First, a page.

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The Treasury market is only marginally weaker this morning, but it's enough to push the yield on the 30-year bond to its highest level since June 26.

Again, weakness in major foreign bond markets has pushed the Treasury market underwater, as investors continue to shift assets away from the U.S.

"The action in the foreign markets is so terrible," said Michael Krauss, chief technical strategist at

Chase Securities

. "

German Bunds and

British Gilts closed lower, and JGBs

Japanese government bonds have been trading sideways for a month or so now."

Of late, the 30-year Treasury bond was down 7/32 to trade at 88 1/32. The yield rose 2 basis points to 6.14%. The 10-year Gilt closed at a yield of 5.31% today, up from 5.26% yesterday, while the 10-year Bund's yield rose 3 basis points to 4.90%.

Two factors are working against Treasuries through the foreign bond markets. For one, other world economies are recovering, making the U.S. dollar and risk-free Treasury bonds, the quintessential safe-haven investments, look overvalued. The dollar is at 115, up against the yen today but down from 120.97 a month ago. Meanwhile, the euro is trading at 1.0654 dollars, compared with 1.0245 a month ago.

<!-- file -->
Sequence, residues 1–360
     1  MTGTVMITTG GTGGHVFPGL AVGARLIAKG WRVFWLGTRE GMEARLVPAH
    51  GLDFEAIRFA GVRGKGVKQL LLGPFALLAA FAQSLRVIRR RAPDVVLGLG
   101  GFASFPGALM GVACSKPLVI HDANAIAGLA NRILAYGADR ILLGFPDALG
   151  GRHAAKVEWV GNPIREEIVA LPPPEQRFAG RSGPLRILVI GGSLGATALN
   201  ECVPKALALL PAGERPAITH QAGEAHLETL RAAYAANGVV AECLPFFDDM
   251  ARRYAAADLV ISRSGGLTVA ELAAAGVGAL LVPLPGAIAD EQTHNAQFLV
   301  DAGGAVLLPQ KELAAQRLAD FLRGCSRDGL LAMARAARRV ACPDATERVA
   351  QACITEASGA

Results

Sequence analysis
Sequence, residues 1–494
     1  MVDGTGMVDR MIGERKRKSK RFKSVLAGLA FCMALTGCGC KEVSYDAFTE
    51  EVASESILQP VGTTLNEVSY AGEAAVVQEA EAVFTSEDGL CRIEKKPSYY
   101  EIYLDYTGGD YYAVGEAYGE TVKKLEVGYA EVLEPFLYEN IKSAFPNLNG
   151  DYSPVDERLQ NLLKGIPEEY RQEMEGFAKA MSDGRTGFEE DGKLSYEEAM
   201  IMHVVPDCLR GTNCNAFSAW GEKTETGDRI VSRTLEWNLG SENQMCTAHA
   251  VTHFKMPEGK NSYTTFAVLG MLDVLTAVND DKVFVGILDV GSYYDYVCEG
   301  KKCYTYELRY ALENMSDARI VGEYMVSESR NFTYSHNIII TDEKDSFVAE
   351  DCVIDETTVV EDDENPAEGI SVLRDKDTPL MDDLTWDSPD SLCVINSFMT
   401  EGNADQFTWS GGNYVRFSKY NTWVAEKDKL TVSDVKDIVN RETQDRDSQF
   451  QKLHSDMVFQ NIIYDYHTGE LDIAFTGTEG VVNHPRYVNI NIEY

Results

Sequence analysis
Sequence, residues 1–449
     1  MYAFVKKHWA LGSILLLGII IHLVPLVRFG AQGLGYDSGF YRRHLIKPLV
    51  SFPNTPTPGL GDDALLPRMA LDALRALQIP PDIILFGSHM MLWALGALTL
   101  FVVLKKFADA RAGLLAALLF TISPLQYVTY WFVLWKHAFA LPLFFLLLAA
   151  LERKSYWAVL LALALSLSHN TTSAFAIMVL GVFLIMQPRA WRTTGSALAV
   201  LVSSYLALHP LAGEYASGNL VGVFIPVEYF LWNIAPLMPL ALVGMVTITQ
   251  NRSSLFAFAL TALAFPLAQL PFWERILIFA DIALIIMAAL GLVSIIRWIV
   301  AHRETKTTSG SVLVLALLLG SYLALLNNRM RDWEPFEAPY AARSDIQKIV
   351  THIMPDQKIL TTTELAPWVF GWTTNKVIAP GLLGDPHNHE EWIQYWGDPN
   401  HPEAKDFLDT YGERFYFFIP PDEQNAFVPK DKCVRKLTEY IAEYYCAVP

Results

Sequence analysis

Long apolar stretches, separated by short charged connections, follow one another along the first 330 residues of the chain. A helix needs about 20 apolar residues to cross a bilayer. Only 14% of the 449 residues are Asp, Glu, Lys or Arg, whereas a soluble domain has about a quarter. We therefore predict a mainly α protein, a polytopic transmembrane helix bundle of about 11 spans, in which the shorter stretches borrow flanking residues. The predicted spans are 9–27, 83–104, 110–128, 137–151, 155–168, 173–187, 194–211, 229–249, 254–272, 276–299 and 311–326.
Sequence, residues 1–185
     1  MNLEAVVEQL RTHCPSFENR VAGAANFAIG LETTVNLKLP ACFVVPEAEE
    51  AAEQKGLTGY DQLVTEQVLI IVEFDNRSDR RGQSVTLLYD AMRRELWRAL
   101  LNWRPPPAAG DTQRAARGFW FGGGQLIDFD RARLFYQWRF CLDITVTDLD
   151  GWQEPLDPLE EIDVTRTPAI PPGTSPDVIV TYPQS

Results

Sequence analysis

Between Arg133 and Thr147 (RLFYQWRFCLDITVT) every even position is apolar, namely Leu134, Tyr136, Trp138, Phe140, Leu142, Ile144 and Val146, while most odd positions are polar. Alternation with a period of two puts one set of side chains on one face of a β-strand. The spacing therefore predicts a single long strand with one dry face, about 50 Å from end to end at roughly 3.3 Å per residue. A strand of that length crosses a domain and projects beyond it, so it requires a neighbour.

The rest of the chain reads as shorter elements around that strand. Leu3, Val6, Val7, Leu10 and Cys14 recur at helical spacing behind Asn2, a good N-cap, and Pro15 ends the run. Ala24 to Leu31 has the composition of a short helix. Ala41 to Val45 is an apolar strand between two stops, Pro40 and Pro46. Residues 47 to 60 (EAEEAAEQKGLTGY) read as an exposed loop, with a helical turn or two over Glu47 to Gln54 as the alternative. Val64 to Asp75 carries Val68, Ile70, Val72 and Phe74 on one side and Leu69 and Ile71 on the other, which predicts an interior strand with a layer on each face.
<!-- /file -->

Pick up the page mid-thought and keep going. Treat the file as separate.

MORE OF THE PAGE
"We're slowing down, or at least we're slowing down a little, and they're coming off the bottom," Krauss said.

Secondly, as European economies improve, investors there are selling benchmark bonds to diversify into riskier assets. The Bund has tacked on 34 basis points in yield in the last month, while the Gilt is yielding 25 more basis points than its 5.06% rate a month ago. Global bond yields tend to swing together -- as investors sell lower-yielding instruments in order to invest in higher-yielding ones.

Economic data are scarce today, with the

Conference Board's

index of leading economic indicators the day's only monthly release. Leading indicators rose 0.3% during June, just as it did in May. The next important piece of economic news is probably Thursday's

productivity and unit labor costs

release, followed by Friday's

employment report

for July.

Tomorrow the Treasury will announce details of its quarterly refunding, which includes sales of five-, 10- and 30-year securities. Analysts expect some selling in anticipation of this auction.



reported volume down 36% when compared with the average Tuesday in the past month, as just $10.7 billion in securities had changed hands by 10 a.m. EDT.